With SuperPAC money flowing and political ads running on Internet streams, caution in dealing with political spots is in order.
There may be just a few weeks remaining in this election season, but broadcasters should be paying attention – now and in future elections – to an important aspect of the political advertising business: the extent to which they may be able to demand changes in, or refuse to air, political ads because of their content. One key protection that covers the broadcast of some political spots does not cover all such spots, and it definitely does not appear to cover any non-broadcast distribution of even the spots that are protected when broadcast.
In my line of work, I sometimes end up as a career counselor of sorts. People talk to me about what’s going on at their law school or law firm and ask me for advice about what to do.
I recently had occasion to speak with a lawyer who was laid off by his Biglaw firm. He remains on the website, but he hasn’t been to the office in months; that was part of the deal they negotiated with issued to him. He has been looking for a new job for months but has been having difficulty. He blames this in part on a lack of specialization — he’s a generalist, not really marketable as an expert in a particular type of litigation or transaction.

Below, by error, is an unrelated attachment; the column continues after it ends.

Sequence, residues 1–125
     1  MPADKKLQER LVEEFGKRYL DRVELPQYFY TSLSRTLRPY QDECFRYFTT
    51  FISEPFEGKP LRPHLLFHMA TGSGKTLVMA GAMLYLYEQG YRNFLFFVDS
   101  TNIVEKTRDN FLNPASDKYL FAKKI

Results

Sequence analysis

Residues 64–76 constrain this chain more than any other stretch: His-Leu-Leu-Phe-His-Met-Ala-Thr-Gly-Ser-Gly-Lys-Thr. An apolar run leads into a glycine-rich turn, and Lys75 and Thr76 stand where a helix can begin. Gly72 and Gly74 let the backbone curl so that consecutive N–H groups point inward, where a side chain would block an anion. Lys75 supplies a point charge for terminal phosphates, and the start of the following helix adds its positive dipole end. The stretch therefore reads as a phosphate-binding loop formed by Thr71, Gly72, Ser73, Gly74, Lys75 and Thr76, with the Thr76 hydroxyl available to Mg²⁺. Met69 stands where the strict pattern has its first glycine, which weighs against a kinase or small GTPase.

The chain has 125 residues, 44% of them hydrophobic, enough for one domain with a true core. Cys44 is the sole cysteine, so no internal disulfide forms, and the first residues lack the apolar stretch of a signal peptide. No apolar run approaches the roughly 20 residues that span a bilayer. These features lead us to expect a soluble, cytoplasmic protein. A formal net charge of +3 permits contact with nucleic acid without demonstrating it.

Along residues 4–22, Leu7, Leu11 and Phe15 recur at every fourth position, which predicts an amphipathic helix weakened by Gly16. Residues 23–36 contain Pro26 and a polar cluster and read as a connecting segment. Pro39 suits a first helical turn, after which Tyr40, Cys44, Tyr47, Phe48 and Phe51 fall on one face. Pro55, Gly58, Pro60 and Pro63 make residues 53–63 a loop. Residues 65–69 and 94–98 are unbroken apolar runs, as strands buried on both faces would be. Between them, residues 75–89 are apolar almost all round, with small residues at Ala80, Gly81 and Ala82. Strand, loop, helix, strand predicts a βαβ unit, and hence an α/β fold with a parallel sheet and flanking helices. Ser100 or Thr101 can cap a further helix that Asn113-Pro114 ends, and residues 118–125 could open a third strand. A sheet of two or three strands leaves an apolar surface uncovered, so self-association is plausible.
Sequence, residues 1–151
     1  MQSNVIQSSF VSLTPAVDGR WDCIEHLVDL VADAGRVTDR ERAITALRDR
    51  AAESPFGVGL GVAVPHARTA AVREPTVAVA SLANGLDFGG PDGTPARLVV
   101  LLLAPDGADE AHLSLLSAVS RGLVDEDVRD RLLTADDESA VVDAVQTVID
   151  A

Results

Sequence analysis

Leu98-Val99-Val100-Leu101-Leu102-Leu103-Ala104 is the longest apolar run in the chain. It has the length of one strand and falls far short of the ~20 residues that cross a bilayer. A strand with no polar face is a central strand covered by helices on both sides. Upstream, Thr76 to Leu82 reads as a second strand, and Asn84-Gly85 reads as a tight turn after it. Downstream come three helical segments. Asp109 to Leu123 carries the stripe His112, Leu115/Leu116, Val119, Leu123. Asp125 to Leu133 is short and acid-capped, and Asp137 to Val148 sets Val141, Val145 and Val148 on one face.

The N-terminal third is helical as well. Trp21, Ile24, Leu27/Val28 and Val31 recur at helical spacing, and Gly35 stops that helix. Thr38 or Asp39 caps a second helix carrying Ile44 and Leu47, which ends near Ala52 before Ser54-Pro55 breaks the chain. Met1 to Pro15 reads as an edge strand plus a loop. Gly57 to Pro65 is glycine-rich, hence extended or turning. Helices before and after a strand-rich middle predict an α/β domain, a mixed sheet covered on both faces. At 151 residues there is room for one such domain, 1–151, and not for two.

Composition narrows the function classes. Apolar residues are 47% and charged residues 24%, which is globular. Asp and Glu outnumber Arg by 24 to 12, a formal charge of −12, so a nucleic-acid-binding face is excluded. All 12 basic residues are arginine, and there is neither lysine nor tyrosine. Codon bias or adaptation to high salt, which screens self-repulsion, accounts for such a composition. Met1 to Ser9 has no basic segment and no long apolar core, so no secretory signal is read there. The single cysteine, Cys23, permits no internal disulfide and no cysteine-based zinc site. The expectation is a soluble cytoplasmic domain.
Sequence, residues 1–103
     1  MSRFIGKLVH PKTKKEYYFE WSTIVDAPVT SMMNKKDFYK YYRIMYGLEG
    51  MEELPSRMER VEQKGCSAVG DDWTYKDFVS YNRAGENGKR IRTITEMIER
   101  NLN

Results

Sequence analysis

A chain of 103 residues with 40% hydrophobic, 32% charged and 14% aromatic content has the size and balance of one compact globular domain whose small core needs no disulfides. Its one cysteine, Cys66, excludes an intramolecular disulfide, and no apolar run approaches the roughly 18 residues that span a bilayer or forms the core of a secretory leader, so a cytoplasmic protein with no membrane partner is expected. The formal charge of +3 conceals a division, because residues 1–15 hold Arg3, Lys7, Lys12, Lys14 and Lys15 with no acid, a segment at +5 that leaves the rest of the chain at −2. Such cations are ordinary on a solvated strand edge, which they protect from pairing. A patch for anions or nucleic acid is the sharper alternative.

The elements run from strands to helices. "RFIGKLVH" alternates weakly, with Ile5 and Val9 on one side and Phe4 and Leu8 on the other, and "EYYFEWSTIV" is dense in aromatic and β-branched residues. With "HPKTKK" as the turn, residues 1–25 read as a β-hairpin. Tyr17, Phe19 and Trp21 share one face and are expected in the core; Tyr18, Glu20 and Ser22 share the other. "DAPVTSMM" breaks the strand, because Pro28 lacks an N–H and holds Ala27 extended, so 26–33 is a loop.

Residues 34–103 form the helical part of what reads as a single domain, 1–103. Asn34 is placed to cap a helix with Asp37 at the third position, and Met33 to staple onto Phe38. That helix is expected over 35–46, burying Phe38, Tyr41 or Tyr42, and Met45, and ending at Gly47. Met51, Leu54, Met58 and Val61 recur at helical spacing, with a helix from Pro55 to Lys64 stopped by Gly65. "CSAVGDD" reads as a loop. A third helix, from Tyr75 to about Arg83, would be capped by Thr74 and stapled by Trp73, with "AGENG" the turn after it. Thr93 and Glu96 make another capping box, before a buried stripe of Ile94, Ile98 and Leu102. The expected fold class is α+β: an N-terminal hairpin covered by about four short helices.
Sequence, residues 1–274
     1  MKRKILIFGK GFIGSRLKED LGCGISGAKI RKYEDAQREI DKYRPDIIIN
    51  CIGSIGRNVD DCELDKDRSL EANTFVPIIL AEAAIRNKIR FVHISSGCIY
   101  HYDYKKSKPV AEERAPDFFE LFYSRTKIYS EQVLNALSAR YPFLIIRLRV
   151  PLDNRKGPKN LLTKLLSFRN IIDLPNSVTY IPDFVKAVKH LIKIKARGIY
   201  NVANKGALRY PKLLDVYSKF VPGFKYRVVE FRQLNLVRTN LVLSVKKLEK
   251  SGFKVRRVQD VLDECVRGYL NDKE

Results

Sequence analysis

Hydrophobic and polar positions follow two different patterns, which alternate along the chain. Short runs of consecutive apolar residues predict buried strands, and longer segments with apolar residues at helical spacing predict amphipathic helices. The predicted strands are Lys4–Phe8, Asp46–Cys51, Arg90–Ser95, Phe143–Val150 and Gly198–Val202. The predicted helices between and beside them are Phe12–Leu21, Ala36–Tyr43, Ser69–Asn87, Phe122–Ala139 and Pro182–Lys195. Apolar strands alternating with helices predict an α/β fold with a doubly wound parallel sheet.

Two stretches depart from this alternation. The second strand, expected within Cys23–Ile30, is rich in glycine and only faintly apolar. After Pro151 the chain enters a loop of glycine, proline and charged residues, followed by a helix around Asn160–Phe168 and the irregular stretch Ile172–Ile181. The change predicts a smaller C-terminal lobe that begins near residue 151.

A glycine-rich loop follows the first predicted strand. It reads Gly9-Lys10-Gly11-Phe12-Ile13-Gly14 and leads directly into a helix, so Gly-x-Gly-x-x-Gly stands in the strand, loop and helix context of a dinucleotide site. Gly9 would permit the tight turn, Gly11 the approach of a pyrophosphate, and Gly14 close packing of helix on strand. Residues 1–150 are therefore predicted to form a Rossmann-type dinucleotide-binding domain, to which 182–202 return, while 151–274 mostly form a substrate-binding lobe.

This reminded me of a chat I was having with an old friend from my high school debate days, who has found great professional success in a focused practice area. I contacted him again and our chat turned into a full-blown interview about how to become (and remain) a partner at a major law firm by establishing expertise in a particular field of substantive law.
The latest batch of presidential papers from the Clinton Administration, recently released to the public, contain some fun nuggets for law nerds. We’ve mentioned a few of them already — e.g., the time that a pre-robescent Elena Kagan, then a White House staffer, dropped the f-bomb in a memo to White House counsel Jack Quinn. Another just came to light today: as reported by Tony Mauro, a pre-robescent John Roberts, then in private practice at Hogan & Hartson, came close to representing President Clinton in the U.S. Supreme Court in Clinton v. Jones.